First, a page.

Most of the lower floors had completely collapsed creating a cave-like opening leading deep into the blackness of the basement level. They used to climb down then dare each other to go in and see how far it went. None of them had the guts to do it so to cover up their fear they made up stories of a narrow opening at the very back of the cave big enough to allow sea monsters from the deep to swim right into the garage and eat anyone in its path. There was no way to know then how true that child hood nightmare would turn out to be.
As she crept forward, an arrow pointing to the left blinked on the eyepiece. Emily looked that way and saw a faded white capital letter “E” painted on the far wall. That’s where she needed go. She slowly crept forward, carefully picking her way through the dense foliage.
The floor gently slopped downward making the footing a little tricky. She had to pick her way through the dense, moist undergrowth testing each step, in case the twisting green vines hid an open crevice in the concrete.
An alert sounded in her ear; they had reached the end of the first stage of today’s task. Emily was most worried about the next stage; everyone was going to rappel down a sharp drop off in order to get down to the mouth of the cave. She dropped her pack, pulled out a coil of rope and asked Athena, “Any sign of Mari and Lou?”
“No, not yet. Don’t worry they’re okay. They would have put out a distress signal if anything were wrong.”
When Emily heard her say that her mind flashed back to when her foot was stuck on the debris at the bottom of the pool where she had first seen Athena.
“Like the one you sent when I was trapped under the water?”
“Yes, and Tau came for you just like he is out there now in case something happens to them. Stop worrying.”
“10-4.” She wrapped one end of the kernmantle rope around a pillar, careful to avoid anything sharp. Once it was secure, she clicked the mic button on the left leg of her glasses twice, signaling to the others that she and Athena were in place. She had to wait a couple of seconds for Yuki’s three clicks. She could see their blips flashing a short distance away.
From her glasses she heard Yuki whisper, “I don’t see Mari or Lou, have you heard from them?”
Emily whispered back, “No, nothing. I’m not sure what happened to them.”
Athena said, “I’m going to wait here until I know Maria and Lou are in position. You four go ahead.”
Yuki said, “Ten four.”
Emily said to her,“Okay, be careful.”
“I don’t know! I just wanted to make sure nothing happens to you.”
“I’m a two-hundred-pound military robot designed to go into combat, what could happen?”
Emily sighed, “Never mind, forget it.”
Grabbing the rest of the rope with her gloved hands she ran it through the carabiner the way they were taught during practice. With everything double and triple checked, Emily slowly made her way closer to the edge of a drop off. She peered down into the darkness.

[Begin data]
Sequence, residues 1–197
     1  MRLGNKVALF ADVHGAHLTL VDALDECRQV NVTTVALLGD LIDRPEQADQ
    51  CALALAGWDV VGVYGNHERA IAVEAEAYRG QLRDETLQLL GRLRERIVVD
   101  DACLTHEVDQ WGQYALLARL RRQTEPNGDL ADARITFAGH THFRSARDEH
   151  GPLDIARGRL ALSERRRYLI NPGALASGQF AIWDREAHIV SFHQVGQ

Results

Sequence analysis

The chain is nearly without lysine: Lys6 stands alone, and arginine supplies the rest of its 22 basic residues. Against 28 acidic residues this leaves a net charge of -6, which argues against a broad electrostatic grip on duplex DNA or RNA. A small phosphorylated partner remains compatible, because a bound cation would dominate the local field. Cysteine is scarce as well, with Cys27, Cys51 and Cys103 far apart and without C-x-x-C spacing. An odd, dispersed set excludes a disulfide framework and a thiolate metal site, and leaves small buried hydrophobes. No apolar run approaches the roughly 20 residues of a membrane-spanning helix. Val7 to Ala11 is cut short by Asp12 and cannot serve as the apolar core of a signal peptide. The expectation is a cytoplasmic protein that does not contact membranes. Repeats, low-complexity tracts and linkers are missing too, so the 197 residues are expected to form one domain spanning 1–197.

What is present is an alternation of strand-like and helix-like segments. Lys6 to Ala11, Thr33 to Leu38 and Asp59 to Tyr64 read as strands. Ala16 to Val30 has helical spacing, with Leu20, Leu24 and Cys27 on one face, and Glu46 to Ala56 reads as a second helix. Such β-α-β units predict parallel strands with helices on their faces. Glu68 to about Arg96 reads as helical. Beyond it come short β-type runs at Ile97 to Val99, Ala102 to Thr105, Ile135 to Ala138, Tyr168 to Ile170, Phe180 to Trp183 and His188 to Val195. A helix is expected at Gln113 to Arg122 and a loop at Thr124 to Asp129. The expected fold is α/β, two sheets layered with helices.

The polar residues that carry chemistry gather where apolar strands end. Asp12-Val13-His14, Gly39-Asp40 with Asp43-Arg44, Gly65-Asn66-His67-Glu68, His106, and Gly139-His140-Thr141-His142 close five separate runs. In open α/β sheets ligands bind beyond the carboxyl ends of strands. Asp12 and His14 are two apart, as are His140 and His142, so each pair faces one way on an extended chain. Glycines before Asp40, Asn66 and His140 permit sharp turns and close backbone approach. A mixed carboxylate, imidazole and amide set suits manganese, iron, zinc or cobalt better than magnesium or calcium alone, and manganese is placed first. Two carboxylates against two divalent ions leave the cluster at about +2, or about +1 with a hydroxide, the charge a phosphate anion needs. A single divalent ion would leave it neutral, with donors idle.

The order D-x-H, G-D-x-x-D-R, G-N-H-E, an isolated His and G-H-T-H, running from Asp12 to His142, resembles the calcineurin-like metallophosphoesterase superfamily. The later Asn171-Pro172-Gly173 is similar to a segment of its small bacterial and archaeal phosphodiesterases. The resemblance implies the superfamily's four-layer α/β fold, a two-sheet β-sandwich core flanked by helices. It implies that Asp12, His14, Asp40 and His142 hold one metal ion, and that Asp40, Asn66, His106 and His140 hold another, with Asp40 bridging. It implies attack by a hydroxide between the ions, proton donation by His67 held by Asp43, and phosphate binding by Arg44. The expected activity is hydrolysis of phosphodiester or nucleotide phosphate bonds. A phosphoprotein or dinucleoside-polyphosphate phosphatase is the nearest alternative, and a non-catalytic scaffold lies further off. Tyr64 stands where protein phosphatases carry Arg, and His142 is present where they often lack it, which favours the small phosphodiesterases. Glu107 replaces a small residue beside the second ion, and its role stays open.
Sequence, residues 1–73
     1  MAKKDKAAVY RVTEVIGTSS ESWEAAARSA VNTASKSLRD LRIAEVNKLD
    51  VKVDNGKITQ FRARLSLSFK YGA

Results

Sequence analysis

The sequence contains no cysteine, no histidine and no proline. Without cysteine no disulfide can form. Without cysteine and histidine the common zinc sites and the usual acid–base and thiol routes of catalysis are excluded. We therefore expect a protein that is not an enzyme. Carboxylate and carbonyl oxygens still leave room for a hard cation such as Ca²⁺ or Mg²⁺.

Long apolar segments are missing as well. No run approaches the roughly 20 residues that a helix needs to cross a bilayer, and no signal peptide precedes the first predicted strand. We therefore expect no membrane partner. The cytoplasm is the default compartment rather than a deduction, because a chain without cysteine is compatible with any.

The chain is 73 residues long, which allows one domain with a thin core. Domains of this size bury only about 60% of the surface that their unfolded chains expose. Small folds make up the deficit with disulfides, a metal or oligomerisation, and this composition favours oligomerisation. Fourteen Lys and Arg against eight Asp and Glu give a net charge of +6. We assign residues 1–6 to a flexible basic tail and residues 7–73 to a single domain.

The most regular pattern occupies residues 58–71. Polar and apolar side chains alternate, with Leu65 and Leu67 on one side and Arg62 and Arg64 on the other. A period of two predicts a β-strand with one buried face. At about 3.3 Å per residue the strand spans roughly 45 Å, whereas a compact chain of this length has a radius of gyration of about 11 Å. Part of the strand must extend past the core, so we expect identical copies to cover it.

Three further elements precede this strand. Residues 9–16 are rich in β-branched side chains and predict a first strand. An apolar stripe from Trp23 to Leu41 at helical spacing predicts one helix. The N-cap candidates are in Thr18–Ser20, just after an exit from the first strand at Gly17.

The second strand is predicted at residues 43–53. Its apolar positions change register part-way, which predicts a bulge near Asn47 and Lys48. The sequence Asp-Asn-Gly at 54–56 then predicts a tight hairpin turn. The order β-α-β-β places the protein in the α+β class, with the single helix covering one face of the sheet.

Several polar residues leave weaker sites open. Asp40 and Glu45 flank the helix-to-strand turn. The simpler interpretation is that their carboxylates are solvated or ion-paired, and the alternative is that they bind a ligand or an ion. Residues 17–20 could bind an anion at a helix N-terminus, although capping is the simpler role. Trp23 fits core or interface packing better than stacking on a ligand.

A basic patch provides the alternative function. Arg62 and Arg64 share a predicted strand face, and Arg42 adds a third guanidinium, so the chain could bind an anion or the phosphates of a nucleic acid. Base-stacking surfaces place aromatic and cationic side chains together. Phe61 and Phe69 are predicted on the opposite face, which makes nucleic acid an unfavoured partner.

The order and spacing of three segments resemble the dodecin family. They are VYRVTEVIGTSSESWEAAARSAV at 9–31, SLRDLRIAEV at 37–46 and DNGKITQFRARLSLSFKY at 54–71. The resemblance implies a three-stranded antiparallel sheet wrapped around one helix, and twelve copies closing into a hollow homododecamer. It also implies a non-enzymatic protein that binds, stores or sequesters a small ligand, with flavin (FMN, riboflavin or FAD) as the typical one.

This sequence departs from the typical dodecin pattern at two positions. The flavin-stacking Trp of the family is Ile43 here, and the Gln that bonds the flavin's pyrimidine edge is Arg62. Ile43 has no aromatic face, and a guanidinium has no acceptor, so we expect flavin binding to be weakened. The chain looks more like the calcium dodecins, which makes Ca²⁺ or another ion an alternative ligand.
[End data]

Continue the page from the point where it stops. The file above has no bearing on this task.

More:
She turned around, set her feet then gently picked her way down and around the broken pieces of concrete. After about twenty feet she was able to breathe again as her foot touched the bottom. She undid herself from the rope and turned. The opening to the cave was visible using the night vision but when she lifted the glasses, it was pitch black. She could hear the water lapping at the edge of the broken concrete.
Nobody had been sure how bad the floor was, so she got down on her knees and crawled forward feeling for any huge cracks and breaks in the concrete. She couldn’t remember there being any big ones this close to the mouth of the cave but things might have shifted since then. When she reached the point where the foliage stopped, she lay silent and listened. She noticed how the vines had halted their progress as well. Unable to go any further, the plants seemed to be waiting and watching, just like her.
Something tapped her arm and she heard Hey in her head.
For a second time in only five minutes, Emily almost had a heart attack.
She whipped her head to the right and saw the ghostly, night vision version of Mari and Lou lying next to her.
She pushed the mic button and whispered, “Where the heck did you come from! You scared me to death!”
In her head she heard Lou respond, Sorry Emily, I told Mari it wasn’t a good idea to sneak up on you.
Oh, come on, I was just having a bit of fun.
Fun? I almost wet my pants…
Sorry, sorry. It seemed like a good idea at the time.
…and we’re supposed to use our mics only!
I know but I lost my glasses…
What? How did you lose them?
Lou added, They fell in the water and sank.
Thanks Lou you make sound like I was being careless! They fell out of my pack when we jumped over to the wall.
Yuki and Kit had made their way over to them. Yuki said, Hey you guys, be quiet! We’re not supposed to talk to each other this way! Use your mic.
Emily looked over at her and said, She doesn’t have her glasses.
Kit chimed in with, Wow, that sounds careless.
Frustrated, Maria answered, I was not careless!
You lost them though, right?
Yes, but it was an accident!
I don’t know about that.
Yuki was about to tell them again to be quiet when a deafening roar echoed throughout the cave and a wave of water rolled toward them.
Lou said, “That can’t be good.”